A. A. The reason is that the MSSQLSERVER service is running under a separate set of NT credentials. It doesn't matter who YOU are logged on as (after all SQL runs quite happily when no-one is logged on to the console doesn't it). Therefore your logon account and any mapped drives are irrelevant. It is SQL Server running the program (e.g. bcp) not you.
The default set of NT credentials used by MSSQLSERVER is the Localsystem account. You can check what userid that MSSQLSERVER is running under by looking at control panel/services highlighting MSSQLSERVER and choosing the start-up option.
The Localsystem account has no access to shares on the network as it isn't an authenticated network account.
So, if you want a program running under xp_cmdshell to access a network resource you have two choices :-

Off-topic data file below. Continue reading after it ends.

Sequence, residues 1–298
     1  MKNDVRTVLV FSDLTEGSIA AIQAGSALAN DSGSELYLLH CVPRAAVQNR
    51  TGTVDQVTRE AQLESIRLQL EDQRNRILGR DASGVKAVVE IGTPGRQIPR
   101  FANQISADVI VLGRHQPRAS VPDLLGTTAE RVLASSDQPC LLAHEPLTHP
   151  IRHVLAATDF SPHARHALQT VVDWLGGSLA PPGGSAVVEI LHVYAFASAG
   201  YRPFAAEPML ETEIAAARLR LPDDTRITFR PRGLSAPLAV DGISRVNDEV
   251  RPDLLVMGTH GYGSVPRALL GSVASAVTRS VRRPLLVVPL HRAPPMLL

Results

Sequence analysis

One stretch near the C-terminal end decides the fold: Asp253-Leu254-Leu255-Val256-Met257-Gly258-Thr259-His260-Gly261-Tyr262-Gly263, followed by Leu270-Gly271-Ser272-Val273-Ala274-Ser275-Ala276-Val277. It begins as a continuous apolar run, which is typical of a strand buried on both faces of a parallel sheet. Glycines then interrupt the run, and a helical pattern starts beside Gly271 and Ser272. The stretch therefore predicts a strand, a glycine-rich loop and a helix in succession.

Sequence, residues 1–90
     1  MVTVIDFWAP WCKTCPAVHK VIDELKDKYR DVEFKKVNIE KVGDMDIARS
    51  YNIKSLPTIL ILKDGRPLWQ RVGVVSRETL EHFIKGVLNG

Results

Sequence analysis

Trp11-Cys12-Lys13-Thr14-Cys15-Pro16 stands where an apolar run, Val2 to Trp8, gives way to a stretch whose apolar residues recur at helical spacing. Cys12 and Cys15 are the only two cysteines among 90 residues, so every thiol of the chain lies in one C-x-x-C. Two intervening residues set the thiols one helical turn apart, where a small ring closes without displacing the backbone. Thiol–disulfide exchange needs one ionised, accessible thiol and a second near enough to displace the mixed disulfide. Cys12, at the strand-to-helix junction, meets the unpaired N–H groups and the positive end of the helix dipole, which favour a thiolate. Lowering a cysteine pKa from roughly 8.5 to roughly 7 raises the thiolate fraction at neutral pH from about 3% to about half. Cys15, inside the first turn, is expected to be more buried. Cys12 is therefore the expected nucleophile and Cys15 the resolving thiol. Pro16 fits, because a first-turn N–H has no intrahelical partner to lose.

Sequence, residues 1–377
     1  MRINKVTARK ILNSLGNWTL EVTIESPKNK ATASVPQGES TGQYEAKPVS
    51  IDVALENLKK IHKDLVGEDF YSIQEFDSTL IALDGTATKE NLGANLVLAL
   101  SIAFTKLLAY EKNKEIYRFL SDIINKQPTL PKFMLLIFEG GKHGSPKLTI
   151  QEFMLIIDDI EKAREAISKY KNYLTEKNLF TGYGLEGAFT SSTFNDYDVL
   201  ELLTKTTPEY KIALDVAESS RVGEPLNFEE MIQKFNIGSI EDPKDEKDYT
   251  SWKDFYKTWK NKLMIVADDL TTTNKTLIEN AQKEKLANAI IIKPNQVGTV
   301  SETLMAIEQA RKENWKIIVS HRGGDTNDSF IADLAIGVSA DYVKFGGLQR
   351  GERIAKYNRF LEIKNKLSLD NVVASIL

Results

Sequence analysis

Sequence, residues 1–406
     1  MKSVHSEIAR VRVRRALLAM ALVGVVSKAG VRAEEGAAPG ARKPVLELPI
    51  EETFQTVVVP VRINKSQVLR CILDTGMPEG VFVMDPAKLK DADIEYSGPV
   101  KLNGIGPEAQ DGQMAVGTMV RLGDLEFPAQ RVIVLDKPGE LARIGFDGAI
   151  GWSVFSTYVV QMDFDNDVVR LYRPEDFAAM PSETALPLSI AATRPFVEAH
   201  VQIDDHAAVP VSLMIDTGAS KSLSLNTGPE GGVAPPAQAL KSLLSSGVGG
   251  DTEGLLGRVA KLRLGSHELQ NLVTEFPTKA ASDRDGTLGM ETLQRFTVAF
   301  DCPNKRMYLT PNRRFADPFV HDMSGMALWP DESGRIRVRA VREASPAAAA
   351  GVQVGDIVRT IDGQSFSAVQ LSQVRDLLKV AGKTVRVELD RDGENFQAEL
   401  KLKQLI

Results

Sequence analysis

1, Change the account the MSSQLSERVER service runs under to a user account with the relevant network rights.
2, Amend the following registry value on the TARGET server and add the sharename you want to access - the share does not then authenticate who is coming in and so a Localsystem account will work. The server service on the target server must be re-started before the change takes effect. Note that this effectively removes security on that share, so you need to be careful about what is in the share. HKEY_LOCAL_MACHINE\SYSTEM\CurrentControlSet\Services\LanmanServer\Parameters\NullSessionShares
Whichever method you use, you MUST use a UNC name to reference the
resources required and not a drive letter.
e.g. xp_cmdshell 'dir \\server01\share'
Contributed by Neil Pike